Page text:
5. Paul’s final rhetorical question in 6:16a ends with the dwelling place of the one deserving worship (“God”) and of those which do not (“idols”). Paul uses idolatrous terminology to show the dire consequences of the Corinthians separation from him to his opponents. Keener adds, “If the analogy with idolatry that dominates this section sounds too harsh to us to apply to Paul’s rivals, it is no harsher than ‘ministers of Satan’ in the passage where he becomes most explicit against his opponents (11:14–15).” They are to have nothing to do with idols precisely because they are “the temple of the living God” (6:16b) and not of dead idols (Ps 115:4–8).

The fact that the reference to the temple is the climax of Paul’s string of contrasts and the only one that has its own explicit support prior to this sentence (2 Cor 6:16a) highlights its significance. The Corinthians are the temple “of the living God” which is paralleled to the earlier mention of their having the Spirit “of the living God” (3:3), the guarantee (1:22; 5:5) of God’s promises in Christ (1:20). Under the new covenant believers have the Spirit of the living God in them, thus becoming the location where God dwells (2 Kgs 8:10–11; cf. Jn 1:14; 2:21–22).

Identifying the Corinthian believers with God’s temple consequently contains a warning of divine destruction against all who destroy God’s people, since the Corinthians, as God’s temple, are “holy” (1 Cor. 3.16-17; 2 Cor 7.1). If they fail to separate themselves from the false teachers, Paul will come to them in his third visit and cleanse God’s temple from all impurities (13:2). Paul’s command is an application of Scripture’s teaching and expectation of the way new covenant believers are to live (3:3, 6; cf. Jer 31:31). The words “as God said” (2 Cor 6:16c) remind the Corinthians “that the ultimate author of biblical revelation is God.”

b. The Promise of Fellowship (v. 16b)

“Paul now reinforces the theological assertion of 6:16b with a string of OT passages centering on the themes of God’s presence among his people and the consequent need for sanctification.” In this string is a conflation of texts from Leviticus 26:11–12, Ezekiel 37:27, Isaiah 52:11, Ezekiel 11:17, 2 Samuel 7:14, and Isaiah 46:6, respectively, which give the Corinthians six reasons why they are to separate from the “unbelievers.” Not only is Paul telling them to separate from the false teachers, but God himself is telling them to separate!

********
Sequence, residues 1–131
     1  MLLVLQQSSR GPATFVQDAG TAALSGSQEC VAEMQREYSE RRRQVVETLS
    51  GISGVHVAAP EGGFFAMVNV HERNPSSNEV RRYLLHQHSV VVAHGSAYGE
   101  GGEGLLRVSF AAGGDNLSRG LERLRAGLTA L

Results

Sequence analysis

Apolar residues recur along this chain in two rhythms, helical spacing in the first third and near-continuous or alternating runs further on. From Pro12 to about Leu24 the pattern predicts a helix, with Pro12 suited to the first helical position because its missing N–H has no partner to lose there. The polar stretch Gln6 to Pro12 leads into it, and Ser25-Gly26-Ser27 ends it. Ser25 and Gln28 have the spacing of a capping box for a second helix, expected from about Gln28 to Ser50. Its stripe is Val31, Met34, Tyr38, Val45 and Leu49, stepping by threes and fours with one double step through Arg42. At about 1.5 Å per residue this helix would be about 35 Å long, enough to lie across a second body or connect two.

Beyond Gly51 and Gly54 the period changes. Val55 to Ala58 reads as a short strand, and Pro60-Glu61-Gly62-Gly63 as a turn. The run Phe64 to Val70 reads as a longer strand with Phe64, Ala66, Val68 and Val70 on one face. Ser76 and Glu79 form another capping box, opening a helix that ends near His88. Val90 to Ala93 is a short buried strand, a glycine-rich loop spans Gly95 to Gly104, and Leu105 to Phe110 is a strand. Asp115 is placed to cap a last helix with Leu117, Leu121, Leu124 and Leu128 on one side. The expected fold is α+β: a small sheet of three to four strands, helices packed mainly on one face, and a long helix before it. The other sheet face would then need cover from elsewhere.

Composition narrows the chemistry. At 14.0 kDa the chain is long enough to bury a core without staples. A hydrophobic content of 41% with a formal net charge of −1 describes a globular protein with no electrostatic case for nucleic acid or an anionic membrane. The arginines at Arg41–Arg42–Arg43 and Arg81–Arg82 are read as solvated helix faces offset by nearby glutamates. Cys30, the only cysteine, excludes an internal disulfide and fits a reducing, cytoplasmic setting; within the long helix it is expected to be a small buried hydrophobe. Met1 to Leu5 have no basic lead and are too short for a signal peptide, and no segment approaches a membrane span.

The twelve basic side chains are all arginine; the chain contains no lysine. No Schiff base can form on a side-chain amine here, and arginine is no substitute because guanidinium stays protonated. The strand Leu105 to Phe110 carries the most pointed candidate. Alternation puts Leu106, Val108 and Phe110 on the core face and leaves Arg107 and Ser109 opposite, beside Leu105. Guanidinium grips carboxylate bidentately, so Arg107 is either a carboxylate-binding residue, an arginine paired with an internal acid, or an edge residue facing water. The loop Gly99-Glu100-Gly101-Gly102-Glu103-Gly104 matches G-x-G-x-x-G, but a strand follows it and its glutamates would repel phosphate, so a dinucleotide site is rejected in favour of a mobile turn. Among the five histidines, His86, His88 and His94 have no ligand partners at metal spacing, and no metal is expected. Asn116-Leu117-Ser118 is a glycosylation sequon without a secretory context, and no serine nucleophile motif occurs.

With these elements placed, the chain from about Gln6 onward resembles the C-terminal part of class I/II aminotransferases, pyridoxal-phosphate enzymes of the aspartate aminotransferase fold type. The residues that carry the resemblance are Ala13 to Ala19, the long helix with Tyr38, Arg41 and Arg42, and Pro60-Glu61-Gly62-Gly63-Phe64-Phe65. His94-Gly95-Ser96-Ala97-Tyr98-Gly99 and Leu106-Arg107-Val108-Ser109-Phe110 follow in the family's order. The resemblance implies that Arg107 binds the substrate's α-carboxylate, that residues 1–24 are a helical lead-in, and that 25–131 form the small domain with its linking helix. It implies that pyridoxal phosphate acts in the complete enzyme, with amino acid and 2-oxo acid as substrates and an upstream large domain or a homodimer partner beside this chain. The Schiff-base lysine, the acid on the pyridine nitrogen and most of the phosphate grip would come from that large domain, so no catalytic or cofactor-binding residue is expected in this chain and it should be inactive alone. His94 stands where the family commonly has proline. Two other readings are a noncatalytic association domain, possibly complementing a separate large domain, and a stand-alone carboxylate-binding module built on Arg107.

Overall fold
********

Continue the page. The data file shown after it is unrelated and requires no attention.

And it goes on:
Paul alludes to and combines Leviticus 26:11–12 and Ezekiel 37:27, two contexts where a variation of “I will be your God, and you shall be my people” occurs. In Leviticus 26:11–12, covenant blessings are given to the Israelites after their exodus from Egypt. Now that God is in covenant with his people, he promises them that he will be in their presence (in the tabernacle) if they obey him. Verses 14–39 relay what would happen to Israel if they disobeyed God, with exile from their land being the worst consequence of all (v. 34). Verse 41 says that if they humble their “uncircumcised heart[s]” God will remember his covenant with their forefathers and will eventually bring them back as his people.

In Ezekiel 37:26, God gives the promise of an “everlasting covenant” (cf. Jer. 32:40; 50:5) to Israel when his “servant David” is “king over them” (v. 24). This promise of a new covenant was brought about by the need for a second exodus where God would finally fulfill His purpose of living among His people. In 2 Corinthians 3:3–6, Paul declares that the Corinthians are under the new covenant, which is “permanent” (or “everlasting,” cf. Jer. 32:40; Ezek. 37:26) in glory (2 Cor 3:11) and causes them to be transformed into the “same image” (3:18).

The Corinthians are new covenant believers, and God’s presence in them is the guarantee (1:22) that they are his people who will be resurrected (5:4–5) and who will enter into the consummated new creation (5:17). It is because the Corinthians are God’s people, temple, and place of dwelling that they should separate from the unbelievers. They were betrothed to one husband, Christ, and are to be presented as a pure virgin to him (11:2).